Written by 6:39 pm EU Investment

Sweden vows to push defense collaboration, cyber defense at EU helm

HELSINKI — Sweden’s half-year rotating presidency of the European Union, which began on Jan. 1, is shaped to deliver a sharper focus on the need to deepen collaboration among member states in the key areas of defense capabilities and joint military procurements.

Swedish prime minister Ulf Kristersson’s Moderate-led coalition government, which was elected to office after parliamentary elections in September 2022, has identified “unity of purpose” and the strengthening of European defense readiness and capacities as primary targets during the term of its presidency.

Sweden, against the backdrop of the ongoing war between Russia and Ukraine, favors solutions that can advance the collective defense of Europe using weapons and allied military equipment that are not only made in the EU but acquired under joint procurement arrangements.

The framework for Sweden’s presidency prioritizes continued EU economic and military support for Ukraine. A longstanding target of hostile threats from Moscow, Sweden embodies the Nordic view that Ukraine’s success in its war efforts against Russia is paramount to building a robust European security and defense policy.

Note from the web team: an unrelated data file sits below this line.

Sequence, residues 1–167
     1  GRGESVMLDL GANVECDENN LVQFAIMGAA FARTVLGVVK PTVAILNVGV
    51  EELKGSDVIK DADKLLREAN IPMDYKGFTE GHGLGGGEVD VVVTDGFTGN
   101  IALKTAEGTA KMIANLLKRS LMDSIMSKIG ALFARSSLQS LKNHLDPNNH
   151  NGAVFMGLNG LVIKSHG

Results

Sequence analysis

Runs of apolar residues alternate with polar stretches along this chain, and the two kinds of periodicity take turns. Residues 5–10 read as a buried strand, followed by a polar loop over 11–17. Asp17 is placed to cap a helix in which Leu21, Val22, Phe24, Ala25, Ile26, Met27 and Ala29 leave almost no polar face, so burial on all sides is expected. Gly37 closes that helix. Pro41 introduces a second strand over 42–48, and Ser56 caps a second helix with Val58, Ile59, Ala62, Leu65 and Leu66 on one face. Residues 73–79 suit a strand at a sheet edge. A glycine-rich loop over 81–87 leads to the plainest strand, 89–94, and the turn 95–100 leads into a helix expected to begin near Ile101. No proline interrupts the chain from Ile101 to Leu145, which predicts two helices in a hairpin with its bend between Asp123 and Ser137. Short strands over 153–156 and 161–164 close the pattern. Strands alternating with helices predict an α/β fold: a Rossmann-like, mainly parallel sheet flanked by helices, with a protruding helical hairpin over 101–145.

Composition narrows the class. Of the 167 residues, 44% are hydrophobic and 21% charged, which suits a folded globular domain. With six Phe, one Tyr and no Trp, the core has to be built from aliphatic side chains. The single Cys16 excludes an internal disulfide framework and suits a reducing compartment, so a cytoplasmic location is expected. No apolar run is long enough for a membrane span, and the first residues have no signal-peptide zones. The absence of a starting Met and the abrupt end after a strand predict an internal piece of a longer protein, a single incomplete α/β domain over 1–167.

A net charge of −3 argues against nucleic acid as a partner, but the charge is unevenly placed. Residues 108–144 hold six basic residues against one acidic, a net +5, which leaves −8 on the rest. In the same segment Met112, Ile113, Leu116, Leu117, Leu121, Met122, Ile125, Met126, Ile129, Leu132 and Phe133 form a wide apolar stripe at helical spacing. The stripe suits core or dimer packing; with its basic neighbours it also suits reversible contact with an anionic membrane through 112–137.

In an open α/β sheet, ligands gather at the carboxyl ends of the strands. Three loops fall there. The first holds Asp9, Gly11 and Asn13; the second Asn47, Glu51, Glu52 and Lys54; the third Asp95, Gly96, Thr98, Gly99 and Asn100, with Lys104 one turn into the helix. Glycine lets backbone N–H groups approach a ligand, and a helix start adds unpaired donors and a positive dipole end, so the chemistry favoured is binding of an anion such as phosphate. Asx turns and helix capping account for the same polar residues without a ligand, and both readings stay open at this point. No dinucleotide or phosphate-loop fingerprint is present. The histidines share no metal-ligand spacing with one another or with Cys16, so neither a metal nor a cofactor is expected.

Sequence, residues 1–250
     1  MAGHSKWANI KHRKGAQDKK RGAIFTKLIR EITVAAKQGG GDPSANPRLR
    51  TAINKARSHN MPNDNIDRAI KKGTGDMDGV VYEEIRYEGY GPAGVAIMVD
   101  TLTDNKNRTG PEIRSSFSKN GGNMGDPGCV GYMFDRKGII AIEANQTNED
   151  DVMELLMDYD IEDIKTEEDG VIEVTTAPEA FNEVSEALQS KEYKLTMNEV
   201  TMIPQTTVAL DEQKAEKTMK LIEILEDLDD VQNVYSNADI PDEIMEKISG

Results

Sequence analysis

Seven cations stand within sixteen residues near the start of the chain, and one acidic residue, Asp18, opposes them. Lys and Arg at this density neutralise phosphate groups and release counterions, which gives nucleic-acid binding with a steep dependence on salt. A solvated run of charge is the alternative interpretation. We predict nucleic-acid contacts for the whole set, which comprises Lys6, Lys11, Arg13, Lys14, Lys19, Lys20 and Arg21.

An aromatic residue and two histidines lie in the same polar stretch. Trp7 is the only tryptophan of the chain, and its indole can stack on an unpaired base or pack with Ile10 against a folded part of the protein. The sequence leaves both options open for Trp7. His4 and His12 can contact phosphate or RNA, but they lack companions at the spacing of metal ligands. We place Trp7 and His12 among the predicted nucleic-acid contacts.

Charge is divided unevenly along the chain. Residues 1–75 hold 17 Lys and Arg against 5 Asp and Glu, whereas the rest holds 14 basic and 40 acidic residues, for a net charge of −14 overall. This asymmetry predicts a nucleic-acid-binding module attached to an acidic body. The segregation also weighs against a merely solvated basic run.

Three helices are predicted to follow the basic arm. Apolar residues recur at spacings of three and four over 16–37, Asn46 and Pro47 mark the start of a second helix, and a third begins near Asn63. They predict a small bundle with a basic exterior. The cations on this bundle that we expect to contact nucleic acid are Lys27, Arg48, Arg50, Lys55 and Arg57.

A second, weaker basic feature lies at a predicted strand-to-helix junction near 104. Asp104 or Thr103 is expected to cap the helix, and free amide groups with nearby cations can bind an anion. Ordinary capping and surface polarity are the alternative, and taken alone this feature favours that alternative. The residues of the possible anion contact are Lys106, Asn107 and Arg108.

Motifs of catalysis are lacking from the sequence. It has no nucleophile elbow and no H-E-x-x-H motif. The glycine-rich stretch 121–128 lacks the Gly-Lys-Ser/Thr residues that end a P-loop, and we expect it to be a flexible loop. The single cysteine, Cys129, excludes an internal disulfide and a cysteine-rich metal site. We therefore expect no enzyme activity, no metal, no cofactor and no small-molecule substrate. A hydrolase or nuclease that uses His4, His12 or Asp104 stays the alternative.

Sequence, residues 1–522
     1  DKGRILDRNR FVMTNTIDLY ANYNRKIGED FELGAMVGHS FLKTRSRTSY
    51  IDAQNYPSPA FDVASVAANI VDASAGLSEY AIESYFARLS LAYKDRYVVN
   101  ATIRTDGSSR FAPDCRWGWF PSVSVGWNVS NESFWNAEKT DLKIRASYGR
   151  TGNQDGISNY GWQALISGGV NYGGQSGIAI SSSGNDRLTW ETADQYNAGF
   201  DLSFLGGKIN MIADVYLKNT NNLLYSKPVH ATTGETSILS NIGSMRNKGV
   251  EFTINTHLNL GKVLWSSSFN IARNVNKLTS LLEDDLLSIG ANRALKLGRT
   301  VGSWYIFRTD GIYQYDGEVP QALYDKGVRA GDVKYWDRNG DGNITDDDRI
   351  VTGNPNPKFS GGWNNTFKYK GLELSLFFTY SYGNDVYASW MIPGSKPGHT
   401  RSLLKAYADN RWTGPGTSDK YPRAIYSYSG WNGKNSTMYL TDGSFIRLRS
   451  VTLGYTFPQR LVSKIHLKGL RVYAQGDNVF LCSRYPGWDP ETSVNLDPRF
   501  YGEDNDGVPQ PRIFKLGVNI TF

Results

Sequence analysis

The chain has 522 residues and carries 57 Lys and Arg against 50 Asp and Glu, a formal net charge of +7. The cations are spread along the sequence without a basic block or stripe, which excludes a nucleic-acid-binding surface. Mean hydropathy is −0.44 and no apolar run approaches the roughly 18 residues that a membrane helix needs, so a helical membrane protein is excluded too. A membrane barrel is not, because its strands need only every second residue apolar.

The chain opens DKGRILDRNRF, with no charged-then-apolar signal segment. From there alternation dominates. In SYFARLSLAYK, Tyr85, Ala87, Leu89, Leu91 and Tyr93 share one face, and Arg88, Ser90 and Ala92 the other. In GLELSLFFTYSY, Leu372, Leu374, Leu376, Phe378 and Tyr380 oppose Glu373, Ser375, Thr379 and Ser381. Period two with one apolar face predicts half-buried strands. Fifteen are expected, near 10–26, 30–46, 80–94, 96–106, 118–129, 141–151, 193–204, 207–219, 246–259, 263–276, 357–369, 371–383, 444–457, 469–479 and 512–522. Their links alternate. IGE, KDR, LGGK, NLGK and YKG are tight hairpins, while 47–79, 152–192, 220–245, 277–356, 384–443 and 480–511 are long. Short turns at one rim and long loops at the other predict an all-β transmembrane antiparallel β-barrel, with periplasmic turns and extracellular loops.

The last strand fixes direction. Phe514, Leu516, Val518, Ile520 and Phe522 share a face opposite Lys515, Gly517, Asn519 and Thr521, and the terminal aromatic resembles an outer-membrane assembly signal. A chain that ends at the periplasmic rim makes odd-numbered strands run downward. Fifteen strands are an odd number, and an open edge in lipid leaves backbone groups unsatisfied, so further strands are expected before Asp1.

Sweden is using the EU’s Strategic Compass, which is tailored to provide a shared strategic threat assessment of the challenges the bloc faces, as its guiding light. In particular, Stockholm is keen to deepen EU defense cooperation with NATO and develop a long-term capital investment program to bolster European defense.

Achieving a more meaningful level of pan-EU collaboration within the cybersecurity domain has emerged as one of Sweden’s critical targets. This goal gained traction on Jan. 3, when the European Commission (EC) presented a far-reaching Joint Communication (JC) for an EU common cyber defense policy to the European Parliament.

The proposal would help boost the bloc’s cyber defense posture, said Pål Jonson, Sweden’s defense minister.

“The ambition is to strengthen the EU’s cyber defense capabilities, as well as give individual states the tools to conduct joint cyber operations. It will also improve inter-state coordination, information sharing and interoperability between cyber security and cyber defense, including between the civil and military cyber communities,” said Jonson.

Gerard O’Dwyer is the Scandinavian affairs correspondent for Defense News.

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